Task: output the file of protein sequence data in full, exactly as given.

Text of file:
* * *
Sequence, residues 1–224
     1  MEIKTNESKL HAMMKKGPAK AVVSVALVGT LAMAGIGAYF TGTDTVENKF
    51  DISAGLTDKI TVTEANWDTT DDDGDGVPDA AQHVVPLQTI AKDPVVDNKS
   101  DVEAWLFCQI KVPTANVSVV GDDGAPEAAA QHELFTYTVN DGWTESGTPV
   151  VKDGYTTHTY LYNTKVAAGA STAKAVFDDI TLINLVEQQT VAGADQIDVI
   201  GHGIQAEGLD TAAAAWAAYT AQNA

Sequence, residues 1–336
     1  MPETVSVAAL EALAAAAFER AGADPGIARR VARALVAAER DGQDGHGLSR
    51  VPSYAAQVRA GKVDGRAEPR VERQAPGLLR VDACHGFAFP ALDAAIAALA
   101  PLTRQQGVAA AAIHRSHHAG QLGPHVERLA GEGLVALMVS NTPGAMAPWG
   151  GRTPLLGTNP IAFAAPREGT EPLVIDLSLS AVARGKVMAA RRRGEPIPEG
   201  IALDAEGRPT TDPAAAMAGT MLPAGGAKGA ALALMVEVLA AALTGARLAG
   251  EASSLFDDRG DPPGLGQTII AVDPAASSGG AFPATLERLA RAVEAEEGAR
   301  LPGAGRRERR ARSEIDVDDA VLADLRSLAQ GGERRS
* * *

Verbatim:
Sequence, residues 1–224
     1  MEIKTNESKL HAMMKKGPAK AVVSVALVGT LAMAGIGAYF TGTDTVENKF
    51  DISAGLTDKI TVTEANWDTT DDDGDGVPDA AQHVVPLQTI AKDPVVDNKS
   101  DVEAWLFCQI KVPTANVSVV GDDGAPEAAA QHELFTYTVN DGWTESGTPV
   151  VKDGYTTHTY LYNTKVAAGA STAKAVFDDI TLINLVEQQT VAGADQIDVI
   201  GHGIQAEGLD TAAAAWAAYT AQNA

Sequence, residues 1–336
     1  MPETVSVAAL EALAAAAFER AGADPGIARR VARALVAAER DGQDGHGLSR
    51  VPSYAAQVRA GKVDGRAEPR VERQAPGLLR VDACHGFAFP ALDAAIAALA
   101  PLTRQQGVAA AAIHRSHHAG QLGPHVERLA GEGLVALMVS NTPGAMAPWG
   151  GRTPLLGTNP IAFAAPREGT EPLVIDLSLS AVARGKVMAA RRRGEPIPEG
   201  IALDAEGRPT TDPAAAMAGT MLPAGGAKGA ALALMVEVLA AALTGARLAG
   251  EASSLFDDRG DPPGLGQTII AVDPAASSGG AFPATLERLA RAVEAEEGAR
   301  LPGAGRRERR ARSEIDVDDA VLADLRSLAQ GGERRS